Not necessarily, it really depends on the individual circumstance as well as property type. Often there are other financial benefit in keeping a mortgage, example would be mortgage interest deduction on 1040's. I would recommend consulting your financial advisor or accountant for guidance.Maryann O'BrienRetail Branch Manager780 Third Avenue, 16th FloorNew York, NY 10017(843)368-7163maryann.obrien@everbank.comhttps://www.abouteverbank.com/retaillending

Feb 20th 2013
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Peter Botros (PeterBotros)
#71 ranked lender in New York - 895 contributions

The answer would depend on your financial situation and what the extra money could be used for. with todays rates in the mid 3's you can invest the cash you would have used to pay your mortgage down and gain a greater return the the interest you are paying on the mortgage. You also have the added benefit of the tax wright off. Call me if you wish to discuss further. Peter Botros 908 933 0253 office 347 231 4444 cell. PBotros@OmegaLoans.net

Feb 20th 2013
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Charlie Sparks (CharlieSparks)
#9 ranked lender in New Mexico - 397 contributions

A simple rule of thumb is... can you invest your money at a higher rate of return than the after-tax rate you are paying? Mortgage money at today's rates is some of the cheapest you can borrow. The mortgage interest deduction reduces the rate even further. I agree with DaveMetsker to pay off higher rate debt first. Another variable is when are you looking to retire? A 50 year old with a 30 year mortgage may want to pay enough additional principal so it is paid by the time they retire.

Feb 20th 2013
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Joe Shamie (Joe Shamie)
#5 ranked lender in New Jersey - 1,412 contributions

It depends on what the extra money you would be using to pay off the loan early could do for you elsewhere.

Feb 20th 2013
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Joe Metzler (JoeMetzler)
#1 ranked lender in Minnesota - 3,791 contributions

Being debt free is a great place to be... The answer to that question really needs to be make with a financial planner.

Feb 20th 2013
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Robert Le (robert_le)
#620 ranked lender in California - 36 contributions

Hi Minman,My friends pay off their house. They have nothing to worry about when they lost their job. If you keep on using your house as piggy bank and move the credit, auto loan etc... to it and if you lost your job, then you can stop paying your credit cards. Worst case, your credit score is lower.

Feb 20th 2013
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Sharon Duffy (sduffy)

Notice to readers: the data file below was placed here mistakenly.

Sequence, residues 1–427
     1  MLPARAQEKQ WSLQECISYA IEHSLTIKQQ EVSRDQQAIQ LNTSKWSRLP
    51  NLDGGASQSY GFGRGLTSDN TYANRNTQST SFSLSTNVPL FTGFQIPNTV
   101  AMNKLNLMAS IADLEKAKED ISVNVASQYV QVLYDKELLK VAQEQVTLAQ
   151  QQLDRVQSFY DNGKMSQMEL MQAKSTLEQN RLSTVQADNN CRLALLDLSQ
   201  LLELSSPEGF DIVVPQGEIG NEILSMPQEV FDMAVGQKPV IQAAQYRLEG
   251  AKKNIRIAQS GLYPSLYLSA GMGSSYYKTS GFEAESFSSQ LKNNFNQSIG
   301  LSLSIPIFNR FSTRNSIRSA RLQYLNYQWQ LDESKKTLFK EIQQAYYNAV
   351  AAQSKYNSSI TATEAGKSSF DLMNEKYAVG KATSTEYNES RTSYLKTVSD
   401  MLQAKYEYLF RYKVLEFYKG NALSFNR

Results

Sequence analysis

#72 ranked lender in Pennsylvania - 595 contributions

I see you have a variety of answers here and they are all right. If you think about what you pay in interest over the life of the loan, I always suggest homeowners pay their mortgage down. It does add up to a substantial savings and as you reach retirement, if you did not plan properly, you're housing expense will be much less if your mortgage is paid off early. You will then have equity in your home to help you make financial decisions down the road. Should have any questions please feel free to contact me: 732 606 6264Sharon7th Level MortgageNew Jersey

Feb 20th 2013
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Barb Lanis (BarbLanis)
#71 ranked lender in Illinois - 663 contributions

Charlie and William answered your question just right. Besides mortgage interest being as close to free as you can get, the only other considerations would be your longer term plans as it relates to necessary cash flow and planning for unforeseen expenses or emergency funds. In the "old days," it was considered a huge accomplishment to payoff your mortgage. Caution is the rule of thumb now. If you pay it off and have no significant savings as a result, are you better off? Probably not.

Feb 20th 2013
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Peter Savino (855411LEND)
#101 ranked lender in New Jersey - 332 contributions

To answer this correctly, we would need to know what you job is, and what your total finacial picture looks like. There are jobs where the home owner needs the deductions to save money on their IRS tax return. The most correct answer would be to ask a certified accountant, they will know what is best for you. On a personal note, if your job is very secure I would pay down your mortgage as fast as possable. Peace of mind has alot to be said for.

Feb 20th 2013
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KIYOSHI INUI (Kiyoshi)
#2 ranked lender in California - 108 contributions

It depends on the individual, and what you're doing with your money. There's good debt & bad. The difference between good debt and bad debt is largely down to what you are using the debt for. Good debt is generally anything that will help your wealth to grow. This normally means things that will increase in value but there are exceptions. Bad debt on the other hand is debt where you are borrowing money to buy things that are unlikely to retain their value. The classic example would be like credit card debt or a car loan.

Feb 20th 2013